Minding Your Business

Proskauer’s perspective on developments and trends in commercial litigation.

Will Settling Class Actions Get More Difficult in 2019?

Consumer advocates, defense attorneys, tort reformists, and trial judges are all eagerly awaiting a decision by the Ninth Circuit which all hope will clarify the process for certifying a nationwide settlement class in the Ninth Circuit. Specifically, an en banc Ninth Circuit panel will decide whether “variations in state law can defeat” predominance in class action litigation.  Continue Reading

“License and [Copyright] Registration Please”: Key Takeaways from the Supreme Court’s Opinion Clarifying When a Copyright Claimant Can Sue for Infringement

On Monday, March 4, the Supreme Court unanimously decided that a copyright claimant may only bring a suit for copyright infringement after the copyright has been registered by the Copyright Office, not while the registration is pending. Continue Reading

“Sue First, Ask Questions Later” Approach to Records Inspection Suits Rejected by Court of Chancery

Characterizing the decision to bring a books and records inspection action after filing a plenary or substantive action as “[i]nherently contradictory,” the Delaware Court of Chancery recently dismissed a Section 220 action brought by a group of investors.  The decision signals that the Court of Chancery remains alert to the use of books and records inspection actions for improper purposes, including to subvert the ordinary conduct of civil discovery. Continue Reading

2018 Amendments to Rule 23 – Summarized

Effective December 1 of this year, Rule 23 of the Federal Rules of Civil Procedure – governing class action lawsuits – was amended. Among other things, the amendments modernize the rule with respect to electronic communications, set forth a more unified approach to approving settlements, and discourage bad faith objectors to class action settlements. Continue Reading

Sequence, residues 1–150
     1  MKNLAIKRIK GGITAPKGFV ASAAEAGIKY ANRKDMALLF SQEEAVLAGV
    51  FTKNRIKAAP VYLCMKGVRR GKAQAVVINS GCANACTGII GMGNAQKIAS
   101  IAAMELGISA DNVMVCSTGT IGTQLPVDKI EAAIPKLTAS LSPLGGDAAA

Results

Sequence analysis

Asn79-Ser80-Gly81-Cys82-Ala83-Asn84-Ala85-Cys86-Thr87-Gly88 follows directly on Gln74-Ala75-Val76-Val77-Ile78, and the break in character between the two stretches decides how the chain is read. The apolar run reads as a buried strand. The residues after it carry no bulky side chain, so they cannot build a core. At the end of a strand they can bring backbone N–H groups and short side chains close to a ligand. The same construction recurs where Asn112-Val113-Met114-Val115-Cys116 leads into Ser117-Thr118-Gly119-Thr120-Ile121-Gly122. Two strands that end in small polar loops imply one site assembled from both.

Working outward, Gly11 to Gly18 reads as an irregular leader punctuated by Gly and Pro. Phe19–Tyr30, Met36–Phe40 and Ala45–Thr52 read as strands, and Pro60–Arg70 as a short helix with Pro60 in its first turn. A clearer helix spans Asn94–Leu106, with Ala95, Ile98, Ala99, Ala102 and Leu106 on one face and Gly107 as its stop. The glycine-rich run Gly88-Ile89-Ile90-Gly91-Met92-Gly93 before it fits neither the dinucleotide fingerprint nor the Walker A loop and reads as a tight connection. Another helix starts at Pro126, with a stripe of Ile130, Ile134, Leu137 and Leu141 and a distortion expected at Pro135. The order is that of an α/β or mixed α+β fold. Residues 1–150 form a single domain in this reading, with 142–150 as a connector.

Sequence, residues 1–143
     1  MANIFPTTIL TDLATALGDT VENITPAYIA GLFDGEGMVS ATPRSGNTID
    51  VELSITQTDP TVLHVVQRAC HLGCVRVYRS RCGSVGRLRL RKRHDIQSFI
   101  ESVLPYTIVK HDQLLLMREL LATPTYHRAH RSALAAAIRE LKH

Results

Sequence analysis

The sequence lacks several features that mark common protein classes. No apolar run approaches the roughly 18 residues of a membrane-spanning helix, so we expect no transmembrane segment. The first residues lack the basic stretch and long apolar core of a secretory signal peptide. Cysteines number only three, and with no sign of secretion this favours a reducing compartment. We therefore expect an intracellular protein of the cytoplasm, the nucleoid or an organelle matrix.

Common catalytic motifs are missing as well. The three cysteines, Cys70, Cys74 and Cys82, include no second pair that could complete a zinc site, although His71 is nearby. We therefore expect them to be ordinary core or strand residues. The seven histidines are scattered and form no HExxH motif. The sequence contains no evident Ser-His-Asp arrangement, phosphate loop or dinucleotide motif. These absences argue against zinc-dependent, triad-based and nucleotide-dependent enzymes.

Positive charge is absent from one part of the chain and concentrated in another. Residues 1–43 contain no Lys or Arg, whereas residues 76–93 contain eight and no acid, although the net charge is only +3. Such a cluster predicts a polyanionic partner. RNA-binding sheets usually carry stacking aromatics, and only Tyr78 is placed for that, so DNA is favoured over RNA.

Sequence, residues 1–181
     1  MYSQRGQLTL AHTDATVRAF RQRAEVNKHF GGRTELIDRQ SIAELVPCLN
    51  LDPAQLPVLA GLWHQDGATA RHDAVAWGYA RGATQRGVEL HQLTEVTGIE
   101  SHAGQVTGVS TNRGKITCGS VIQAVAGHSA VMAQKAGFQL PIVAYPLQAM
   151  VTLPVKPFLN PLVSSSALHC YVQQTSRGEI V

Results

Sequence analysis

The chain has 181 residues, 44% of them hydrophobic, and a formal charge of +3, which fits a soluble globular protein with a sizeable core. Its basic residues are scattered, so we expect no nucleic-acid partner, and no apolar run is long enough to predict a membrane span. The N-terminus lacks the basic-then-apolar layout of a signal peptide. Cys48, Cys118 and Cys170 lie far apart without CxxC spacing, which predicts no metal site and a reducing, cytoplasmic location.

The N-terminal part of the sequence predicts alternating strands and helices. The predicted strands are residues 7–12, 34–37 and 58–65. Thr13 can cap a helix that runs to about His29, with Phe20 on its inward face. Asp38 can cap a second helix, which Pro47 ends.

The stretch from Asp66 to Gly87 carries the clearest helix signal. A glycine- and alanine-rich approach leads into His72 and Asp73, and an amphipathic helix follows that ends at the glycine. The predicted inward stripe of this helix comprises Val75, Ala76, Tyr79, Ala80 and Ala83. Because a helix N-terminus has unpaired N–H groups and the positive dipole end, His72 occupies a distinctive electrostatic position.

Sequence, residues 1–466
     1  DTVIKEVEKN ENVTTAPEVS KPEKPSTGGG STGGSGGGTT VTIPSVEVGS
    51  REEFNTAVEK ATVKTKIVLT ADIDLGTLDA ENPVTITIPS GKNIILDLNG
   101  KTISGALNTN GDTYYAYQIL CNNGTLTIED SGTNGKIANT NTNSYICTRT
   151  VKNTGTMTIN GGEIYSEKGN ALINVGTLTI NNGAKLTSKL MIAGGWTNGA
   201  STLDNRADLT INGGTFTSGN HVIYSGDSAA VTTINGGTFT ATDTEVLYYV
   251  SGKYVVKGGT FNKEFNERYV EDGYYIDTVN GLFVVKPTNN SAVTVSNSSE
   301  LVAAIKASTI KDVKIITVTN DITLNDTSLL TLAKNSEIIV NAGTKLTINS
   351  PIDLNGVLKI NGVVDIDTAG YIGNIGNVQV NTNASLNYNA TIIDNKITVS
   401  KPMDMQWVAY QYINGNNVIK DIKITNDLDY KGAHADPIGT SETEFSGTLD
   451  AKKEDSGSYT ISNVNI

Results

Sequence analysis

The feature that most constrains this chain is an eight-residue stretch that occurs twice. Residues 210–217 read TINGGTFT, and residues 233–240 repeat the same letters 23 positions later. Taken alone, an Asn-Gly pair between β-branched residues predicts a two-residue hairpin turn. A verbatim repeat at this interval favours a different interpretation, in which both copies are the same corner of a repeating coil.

Divided New York Court of Appeals Restricts Freedom of Information Law Disclosures

A divided New York Court of Appeals recently held that Civil Rights Law § 50-a bars disclosure of police officer personnel records except under very limited circumstances, eliminating access to such records by the press or advocacy groups under the Freedom of Information Law (“FOIL”) even if the police department itself is willing to release them and even if they are redacted. The decision, In the Matter of New York Civil Liberties Union v. New York City Police Department, came with two dissents arguing that it is a significant break with earlier case law in which the Court construed FOIL exemptions more narrowly and at least suggested that agencies and the lower courts had more flexibility to effectuate FOIL’s goal of transparency. Continue Reading

The Golden Rules: A Primer on California’s New Professional Responsibility Rules

California overhauled its Rules of Professional Conduct effective November 1, 2018. This post highlights some impactful revisions for commercial litigators. However, all California lawyers should familiarize themselves with the sixty-nine new and revised rules. Continue Reading

DOJ Announces First Settlement Under Trump Administration Regarding “No-Poach” Agreement

On April 3, 2018, the Antitrust Division of the U.S Department of Justice (“DOJ”) announced that it had reached a settlement in a matter involving a “no-poaching” agreement between employers—the first such enforcement action under the Trump Administration.  The DOJ’s pursuit of the matter reflects the Department’s continuing scrutiny of employment and hiring agreements between corporations.                         Read the full post on Law and Workplace blog.                                

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